Obama Defends VA at Veterans of Foreign Wars Convention

President Barack Obama arrives to deliver a speech at the 116th National Convention of the Veterans of Foreign Wars, on Tuesday, July 21, 2015, in Pittsburgh. (AP Photo/Evan Vucci)
President Barack Obama arrives to deliver a speech at the 116th National Convention of the Veterans of Foreign Wars, on Tuesday, July 21, 2015, in Pittsburgh. (AP Photo/Evan Vucci)

PITTSBURGH - President Barack Obama told the national convention of Veterans of Foreign Wars on Tuesday that he would make sure the U.S. military had the budget it needs to protect the country and he would not rest until the Americans held by Iran are returned home.

Obama also defended the Veterans Affairs Department against congressional moves to cut its budget by more than a billion next year, saying the cuts come as the VA "is struggling to keep up with the surge in care" stemming from an aging veteran population and more veterans returned from Iraq and Afghanistan seeking care.

Though VA has made progress in cutting down on wait times overall, Obama conceded that "in some places the wait times are higher today than they were last year."

"Let me tell you, I'm not satisfied and [VA Secretary Bob McDonald] is not satisfied," Obama said.

But he exhorted the 5,000-plus veterans seated in the convention center hall to push Congress and demand it give the VA what it needs to help veterans.

The Pittsburgh speech marked the fifth time Obama has addressed the VFW, his third time as President. He spoke before the organization twice as a candidate, VFW national spokesman Joe Davis said.

Obama, much like McDonald, who spoke to the group earlier in the day, asked the VFW to continue pressing Congress to allow the VA the flexibility it needs to transfer money previously appropriated as part of the VA Accountability Act in order to help fund other operations.

A number of lawmakers have made it clear they believe VA has mismanaged its construction and other programs, causing hundreds of millions in cost overruns, and believes the department needs to live within its budget caps. The House has lopped off $1.4 billion from the proposed 2016 VA budget.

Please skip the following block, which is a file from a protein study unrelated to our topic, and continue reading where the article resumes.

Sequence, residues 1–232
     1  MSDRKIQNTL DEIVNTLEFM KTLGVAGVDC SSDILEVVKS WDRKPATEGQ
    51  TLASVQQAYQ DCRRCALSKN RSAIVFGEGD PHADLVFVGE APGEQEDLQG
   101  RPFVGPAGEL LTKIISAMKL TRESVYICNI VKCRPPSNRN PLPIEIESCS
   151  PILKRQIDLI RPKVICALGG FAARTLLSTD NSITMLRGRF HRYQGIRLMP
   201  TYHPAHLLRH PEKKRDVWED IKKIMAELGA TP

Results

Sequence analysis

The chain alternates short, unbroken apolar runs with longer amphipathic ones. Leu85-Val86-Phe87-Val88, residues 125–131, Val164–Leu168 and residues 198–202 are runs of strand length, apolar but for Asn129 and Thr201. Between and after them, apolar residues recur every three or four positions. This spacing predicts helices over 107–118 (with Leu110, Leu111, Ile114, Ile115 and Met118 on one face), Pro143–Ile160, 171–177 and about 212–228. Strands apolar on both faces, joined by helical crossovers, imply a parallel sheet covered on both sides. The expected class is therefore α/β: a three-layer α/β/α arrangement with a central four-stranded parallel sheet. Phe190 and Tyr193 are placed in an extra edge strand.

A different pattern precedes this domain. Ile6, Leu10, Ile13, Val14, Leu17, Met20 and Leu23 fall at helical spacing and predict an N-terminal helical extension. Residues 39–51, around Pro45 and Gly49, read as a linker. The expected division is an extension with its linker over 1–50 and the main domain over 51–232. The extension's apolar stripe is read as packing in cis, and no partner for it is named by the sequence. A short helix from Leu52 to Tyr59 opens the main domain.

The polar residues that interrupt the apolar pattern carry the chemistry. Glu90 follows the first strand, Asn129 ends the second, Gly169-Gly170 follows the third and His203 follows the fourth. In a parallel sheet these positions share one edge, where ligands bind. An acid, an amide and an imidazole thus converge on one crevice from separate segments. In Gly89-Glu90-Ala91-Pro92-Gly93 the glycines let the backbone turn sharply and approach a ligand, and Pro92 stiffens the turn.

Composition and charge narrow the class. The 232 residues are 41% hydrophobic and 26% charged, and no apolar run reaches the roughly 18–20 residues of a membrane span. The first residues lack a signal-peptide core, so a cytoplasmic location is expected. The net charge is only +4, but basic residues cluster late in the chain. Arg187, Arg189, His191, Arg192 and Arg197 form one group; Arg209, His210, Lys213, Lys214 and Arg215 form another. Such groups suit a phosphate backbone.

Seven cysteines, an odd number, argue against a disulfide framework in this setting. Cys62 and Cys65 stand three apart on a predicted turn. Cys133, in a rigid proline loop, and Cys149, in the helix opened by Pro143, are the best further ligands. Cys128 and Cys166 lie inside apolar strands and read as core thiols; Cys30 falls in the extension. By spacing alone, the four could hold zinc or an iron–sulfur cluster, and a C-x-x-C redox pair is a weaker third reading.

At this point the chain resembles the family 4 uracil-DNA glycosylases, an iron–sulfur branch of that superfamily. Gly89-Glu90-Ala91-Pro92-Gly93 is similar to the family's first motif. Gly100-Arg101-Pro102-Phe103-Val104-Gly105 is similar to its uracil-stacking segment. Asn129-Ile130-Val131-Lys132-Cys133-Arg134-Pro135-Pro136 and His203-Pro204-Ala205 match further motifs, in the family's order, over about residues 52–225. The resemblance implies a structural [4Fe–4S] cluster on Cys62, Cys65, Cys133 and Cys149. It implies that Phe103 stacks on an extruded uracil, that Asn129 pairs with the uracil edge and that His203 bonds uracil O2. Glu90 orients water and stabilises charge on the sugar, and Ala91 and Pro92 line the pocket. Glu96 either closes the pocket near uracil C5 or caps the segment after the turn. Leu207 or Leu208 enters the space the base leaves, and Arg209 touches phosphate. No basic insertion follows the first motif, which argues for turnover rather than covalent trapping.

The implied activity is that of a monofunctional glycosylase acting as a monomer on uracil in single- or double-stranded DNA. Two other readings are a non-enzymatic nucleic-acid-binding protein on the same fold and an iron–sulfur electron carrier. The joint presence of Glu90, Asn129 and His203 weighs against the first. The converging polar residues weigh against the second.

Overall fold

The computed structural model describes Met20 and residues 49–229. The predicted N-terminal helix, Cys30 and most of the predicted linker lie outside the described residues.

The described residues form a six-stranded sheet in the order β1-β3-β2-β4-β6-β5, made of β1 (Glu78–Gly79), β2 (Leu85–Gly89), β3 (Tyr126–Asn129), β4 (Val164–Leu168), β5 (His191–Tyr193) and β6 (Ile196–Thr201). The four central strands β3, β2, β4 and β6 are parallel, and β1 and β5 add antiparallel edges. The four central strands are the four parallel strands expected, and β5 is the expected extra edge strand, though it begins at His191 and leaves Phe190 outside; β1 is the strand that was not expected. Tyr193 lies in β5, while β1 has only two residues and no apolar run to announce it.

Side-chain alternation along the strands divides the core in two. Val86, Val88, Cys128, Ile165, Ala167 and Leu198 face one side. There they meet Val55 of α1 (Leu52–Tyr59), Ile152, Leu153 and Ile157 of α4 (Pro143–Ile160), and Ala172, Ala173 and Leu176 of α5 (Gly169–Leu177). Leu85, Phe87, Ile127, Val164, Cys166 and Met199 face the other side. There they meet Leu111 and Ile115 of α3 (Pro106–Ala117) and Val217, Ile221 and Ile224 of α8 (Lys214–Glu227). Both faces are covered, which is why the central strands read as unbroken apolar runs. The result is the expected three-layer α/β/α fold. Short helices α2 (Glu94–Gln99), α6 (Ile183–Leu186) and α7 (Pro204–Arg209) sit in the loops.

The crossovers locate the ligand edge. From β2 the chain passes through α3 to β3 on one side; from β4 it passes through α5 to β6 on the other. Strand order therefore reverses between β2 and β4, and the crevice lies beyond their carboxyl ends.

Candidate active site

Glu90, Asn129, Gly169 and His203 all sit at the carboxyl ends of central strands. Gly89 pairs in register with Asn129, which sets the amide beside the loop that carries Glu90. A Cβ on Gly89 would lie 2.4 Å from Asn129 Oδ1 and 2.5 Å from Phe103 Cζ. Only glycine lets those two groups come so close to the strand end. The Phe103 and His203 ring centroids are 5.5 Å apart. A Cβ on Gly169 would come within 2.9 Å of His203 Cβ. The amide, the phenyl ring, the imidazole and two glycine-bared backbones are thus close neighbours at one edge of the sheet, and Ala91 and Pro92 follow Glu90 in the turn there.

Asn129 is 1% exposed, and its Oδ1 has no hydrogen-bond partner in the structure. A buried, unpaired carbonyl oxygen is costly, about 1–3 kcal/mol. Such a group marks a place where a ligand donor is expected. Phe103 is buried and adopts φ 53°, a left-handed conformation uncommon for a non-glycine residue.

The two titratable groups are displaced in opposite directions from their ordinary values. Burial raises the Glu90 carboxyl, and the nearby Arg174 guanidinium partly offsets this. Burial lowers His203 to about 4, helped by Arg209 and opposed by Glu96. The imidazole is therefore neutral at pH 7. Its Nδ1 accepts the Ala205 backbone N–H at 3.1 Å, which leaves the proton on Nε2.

"Our vets need [the funding] and our hospitals need it," Obama said. "And I would point out that the Republican budget falls short, and it's another reminder that the best way to protect VA funding going forward -- and, VFW, we need you to keep raising your voice on this -- is to get rid of sequestration for good. That's how we're going to make sure that our veterans have the resources they need."

Obama also pledged to "keep fighting to make sure you actually get the health care you've been promised."

Obama noted that under his watch al Qaida has been hit hard.

"Thanks to the skill of our military and counterintelligence professionals, we've struck major blows against those who threaten us," he said, proceeding to tick off names that, in each instance, drew a round of applause. "If you target Americans, you will have no safe haven," he said.

Obama also drew cheers when noting that the U.S. combat mission in Afghanistan had been brought to a responsible conclusion, and praised the men and women who served in America's longest war.

But the President acknowledged the U.S. continues to face threats, including on the home front, and he offered up the possibility that the killing of four Marines and a sailor in Chattanooga, Tennessee, this month was linked to terrorists overseas.

"We don't yet know all the details behind the attack in Chattanooga, but we do know that al Qaeda and ISIL have encouraged attacks on American soil, including against our service members," he said. "This threat of lone wolves and small cells is hard to detect and prevent. So … we are going to keep doing everything in our power to protect the American people, including our men and women in uniform."

Obama also referenced recent diplomatic initiatives -re-establishing of ties with Cuba after more than a half century and the nuclear deal with Iran. The President said the initiatives were necessary in order to move away from policies that have not been working

But the Iran deal does not mean the U.S. will stop pressuring Iran to halt support of terrorism or to release four Americans currently being held by Iranian authorities. The four are former Marine Sgt. Amir Hekmati, Pastor Saeed Abedini, journalist Jason Rezaian, and private investigator and retired FBI agent Robert Levinson.

"These Americans need to be back home with their families," Obama said.

-- Bryant Jordan can be reached at bryant.jordan@military.com.

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